The challenge for us as Christians is to see others in the world that way too. Not as opponents, but as someone who needs my love. Someone for me not to be against, but to be for. Not to take revenge, but to forgive them and pray for them.
The Old Testament reading said that as well: you shall love your neighbor as yourself. (And even if your neighbor isn’t being very neighborly!) But it also put it this way: You shall be holy, for I the Lord your God am holy.
Now, we need to think about that for a moment. For we use that word holy a lot in Church, but what does it mean? Well it literally means to be set apart; to be set apart for a godly use. And in this context, the context of Christians living in an increasingly non-Christian world, in an increasingly anti-Christian world, perhaps we could say it like this: BE DIFFERENT. Don’t be like the world, don’t act the same, don’t go along - be different.
But we’re afraid to be different. We try to be like the world, and want to be liked by the world. We don’t want to stand out and be made fun of. But your mother was right. Your mother was right when she said: if everyone else jumps off a bridge, does that me you have to?
No, be holy. Be different. Be set apart for the Lord. For He has set you apart. He has chosen you to be His son, His daughter. He has brought you into His Church. He has forgiven your sins. He has given you His Spirit. Which makes you pretty special, pretty important. And so, He says in Leviticus, be different. Don’t be greedy and harvest everything right up to the very edges of your field - be different. Don’t try to get as much as you can by dealing falsely and lying - be different. Don’t oppress, or withhold, or be partial - be different. Don’t hate or take vengeance or hold a grudge - be different. Be holy. I am the LORD.
I am the LORD. Did you notice that is said over and over again? I am the LORD. I am the LORD. But that’s not just God saying: I’m God and so you have to do what I say . . . or else! (Like parents say sometimes!) No, that’s not who God is. I am the LORD means: I am the one who created you and gave you life. I am the one who promised you a Saviour to redeem you and give you eternal life. I am the one who provides for you and cares for you. I am the one who chose you. I am the one who brought you out of Egypt. I am the one who promised you a home. I am the one who is on your side and will always be. I am the LORD.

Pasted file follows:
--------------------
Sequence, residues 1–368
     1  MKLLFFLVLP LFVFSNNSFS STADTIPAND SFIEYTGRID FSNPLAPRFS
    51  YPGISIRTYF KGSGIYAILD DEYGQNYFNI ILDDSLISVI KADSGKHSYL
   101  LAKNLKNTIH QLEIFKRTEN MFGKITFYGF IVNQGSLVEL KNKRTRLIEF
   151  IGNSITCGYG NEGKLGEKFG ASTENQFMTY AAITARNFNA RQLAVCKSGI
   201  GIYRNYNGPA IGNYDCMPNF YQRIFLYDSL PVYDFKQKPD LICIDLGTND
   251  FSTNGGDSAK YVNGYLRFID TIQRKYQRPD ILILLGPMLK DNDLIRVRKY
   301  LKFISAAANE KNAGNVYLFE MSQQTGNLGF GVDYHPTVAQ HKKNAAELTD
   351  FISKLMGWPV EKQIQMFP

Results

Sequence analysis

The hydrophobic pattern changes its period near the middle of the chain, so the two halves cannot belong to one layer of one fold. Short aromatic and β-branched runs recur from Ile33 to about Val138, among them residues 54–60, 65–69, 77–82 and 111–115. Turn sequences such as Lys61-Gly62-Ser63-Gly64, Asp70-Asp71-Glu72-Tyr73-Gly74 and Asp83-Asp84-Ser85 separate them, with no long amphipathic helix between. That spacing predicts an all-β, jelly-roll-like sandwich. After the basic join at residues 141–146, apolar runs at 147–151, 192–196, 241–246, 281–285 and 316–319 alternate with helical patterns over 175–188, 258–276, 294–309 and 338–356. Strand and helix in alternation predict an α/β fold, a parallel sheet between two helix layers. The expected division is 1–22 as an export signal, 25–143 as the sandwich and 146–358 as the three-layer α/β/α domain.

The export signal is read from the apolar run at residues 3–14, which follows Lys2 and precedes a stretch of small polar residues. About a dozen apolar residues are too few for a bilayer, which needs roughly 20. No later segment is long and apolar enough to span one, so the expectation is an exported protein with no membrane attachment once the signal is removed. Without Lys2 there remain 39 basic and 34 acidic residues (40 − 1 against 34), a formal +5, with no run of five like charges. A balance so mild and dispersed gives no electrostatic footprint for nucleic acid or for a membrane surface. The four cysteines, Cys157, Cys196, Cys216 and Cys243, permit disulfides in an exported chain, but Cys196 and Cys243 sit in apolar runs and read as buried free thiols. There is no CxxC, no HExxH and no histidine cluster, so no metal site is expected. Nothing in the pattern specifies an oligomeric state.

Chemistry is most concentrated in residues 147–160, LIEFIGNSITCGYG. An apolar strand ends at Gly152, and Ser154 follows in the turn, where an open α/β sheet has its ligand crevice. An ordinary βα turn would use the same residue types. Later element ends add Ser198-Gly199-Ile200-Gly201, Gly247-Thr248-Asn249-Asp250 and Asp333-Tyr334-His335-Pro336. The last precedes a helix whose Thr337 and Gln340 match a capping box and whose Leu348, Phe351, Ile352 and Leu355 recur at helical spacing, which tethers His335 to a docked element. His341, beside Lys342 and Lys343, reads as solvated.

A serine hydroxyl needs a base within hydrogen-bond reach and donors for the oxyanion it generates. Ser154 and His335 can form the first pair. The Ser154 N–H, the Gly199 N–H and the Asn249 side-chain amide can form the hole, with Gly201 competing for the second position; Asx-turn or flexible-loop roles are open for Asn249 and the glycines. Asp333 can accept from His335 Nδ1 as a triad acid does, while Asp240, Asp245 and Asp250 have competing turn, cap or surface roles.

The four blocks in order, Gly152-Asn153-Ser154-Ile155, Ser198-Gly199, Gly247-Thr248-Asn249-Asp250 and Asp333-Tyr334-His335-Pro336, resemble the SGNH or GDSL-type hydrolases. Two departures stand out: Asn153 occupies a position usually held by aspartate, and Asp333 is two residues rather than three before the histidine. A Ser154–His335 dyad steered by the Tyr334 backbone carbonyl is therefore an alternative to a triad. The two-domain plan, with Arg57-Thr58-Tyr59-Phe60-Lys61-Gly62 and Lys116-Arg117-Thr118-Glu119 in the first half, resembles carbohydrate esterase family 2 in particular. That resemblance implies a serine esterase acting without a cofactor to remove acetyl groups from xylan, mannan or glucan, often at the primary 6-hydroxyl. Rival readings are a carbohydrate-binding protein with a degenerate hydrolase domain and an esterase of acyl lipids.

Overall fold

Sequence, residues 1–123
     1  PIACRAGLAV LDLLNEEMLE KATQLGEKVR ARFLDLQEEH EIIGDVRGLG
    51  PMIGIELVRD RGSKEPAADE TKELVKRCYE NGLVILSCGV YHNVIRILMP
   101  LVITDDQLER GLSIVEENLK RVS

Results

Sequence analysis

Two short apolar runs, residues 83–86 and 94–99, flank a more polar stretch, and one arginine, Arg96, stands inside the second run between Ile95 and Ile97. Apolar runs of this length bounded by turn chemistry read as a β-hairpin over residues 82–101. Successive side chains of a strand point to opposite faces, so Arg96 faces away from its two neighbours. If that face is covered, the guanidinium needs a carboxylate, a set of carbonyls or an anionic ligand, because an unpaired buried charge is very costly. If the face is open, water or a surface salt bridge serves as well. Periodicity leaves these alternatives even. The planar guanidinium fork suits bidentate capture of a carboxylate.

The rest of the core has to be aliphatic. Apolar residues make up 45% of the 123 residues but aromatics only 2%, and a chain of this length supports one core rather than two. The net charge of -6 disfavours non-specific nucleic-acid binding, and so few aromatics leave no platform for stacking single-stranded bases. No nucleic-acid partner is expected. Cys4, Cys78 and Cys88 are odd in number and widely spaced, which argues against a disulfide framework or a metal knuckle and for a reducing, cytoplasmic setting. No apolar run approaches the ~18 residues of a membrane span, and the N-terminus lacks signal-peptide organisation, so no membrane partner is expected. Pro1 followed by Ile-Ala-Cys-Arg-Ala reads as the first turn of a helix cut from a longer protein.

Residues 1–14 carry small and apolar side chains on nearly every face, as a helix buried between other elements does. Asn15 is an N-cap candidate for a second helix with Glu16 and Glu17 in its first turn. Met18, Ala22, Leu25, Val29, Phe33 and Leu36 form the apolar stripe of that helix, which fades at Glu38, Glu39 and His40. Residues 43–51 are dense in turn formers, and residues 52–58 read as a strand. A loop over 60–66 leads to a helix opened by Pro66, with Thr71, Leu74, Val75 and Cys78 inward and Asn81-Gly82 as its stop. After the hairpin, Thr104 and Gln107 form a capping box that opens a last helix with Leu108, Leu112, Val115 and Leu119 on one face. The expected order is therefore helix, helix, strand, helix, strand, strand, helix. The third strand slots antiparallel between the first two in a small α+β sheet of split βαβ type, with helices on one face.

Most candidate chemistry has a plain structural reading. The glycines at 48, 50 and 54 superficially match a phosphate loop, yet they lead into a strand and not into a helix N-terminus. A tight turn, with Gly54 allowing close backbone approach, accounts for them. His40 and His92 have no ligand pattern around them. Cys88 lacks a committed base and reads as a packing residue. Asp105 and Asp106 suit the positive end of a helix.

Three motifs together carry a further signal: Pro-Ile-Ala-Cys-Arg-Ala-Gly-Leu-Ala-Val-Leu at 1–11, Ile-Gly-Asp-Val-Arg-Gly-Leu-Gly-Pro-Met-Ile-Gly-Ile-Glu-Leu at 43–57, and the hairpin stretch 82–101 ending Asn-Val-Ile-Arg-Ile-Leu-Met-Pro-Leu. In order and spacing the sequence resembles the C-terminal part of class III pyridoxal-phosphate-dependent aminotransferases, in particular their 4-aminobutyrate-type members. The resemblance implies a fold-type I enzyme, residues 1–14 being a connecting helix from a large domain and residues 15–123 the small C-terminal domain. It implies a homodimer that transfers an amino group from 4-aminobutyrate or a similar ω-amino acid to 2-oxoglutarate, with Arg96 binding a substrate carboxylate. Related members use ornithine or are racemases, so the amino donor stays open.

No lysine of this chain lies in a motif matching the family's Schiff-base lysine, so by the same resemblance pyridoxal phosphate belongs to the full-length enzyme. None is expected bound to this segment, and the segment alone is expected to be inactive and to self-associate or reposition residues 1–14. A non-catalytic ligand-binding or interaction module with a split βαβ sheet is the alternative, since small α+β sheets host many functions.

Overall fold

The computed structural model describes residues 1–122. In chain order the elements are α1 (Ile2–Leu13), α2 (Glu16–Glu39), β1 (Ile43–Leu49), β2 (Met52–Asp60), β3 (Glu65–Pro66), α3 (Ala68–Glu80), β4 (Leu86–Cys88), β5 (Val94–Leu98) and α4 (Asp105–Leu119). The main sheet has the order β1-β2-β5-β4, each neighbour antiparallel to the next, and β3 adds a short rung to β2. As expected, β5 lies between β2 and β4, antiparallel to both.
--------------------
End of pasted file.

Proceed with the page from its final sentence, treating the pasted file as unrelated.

And you are mine. You don’t have to worry about those things. You don’t belong to the world and its ways. You belong to me, and that makes you different. So be different. In a selfish world, be different: be selfless. In a world that more and more sees death as the answer, be different: choose life. In a world of sin, be different: be holy.
And those differences are more and more stark, it seems, everyday. For the world is no longer content to make fun of you if you’re different - it wants to persecute you if you don’t go along with it. If you don’t agree with their agenda of abortion on demand, of 58 different gender choices now on Facebook, of not just tolerating or accepting but being proud of those who say they’re gay (which now seems like what the world wants to be the new normal!) - then you aren’t just stupid or old fashioned anymore, you’re dangerous, and so you must be marginalized, demonized, and eliminated.
What’s a Christian to do? The answer’s the same: Love your enemies and pray for those who persecute you. Do not set yourself up against them or turn away from them. Love your enemies and pray for those who persecute you.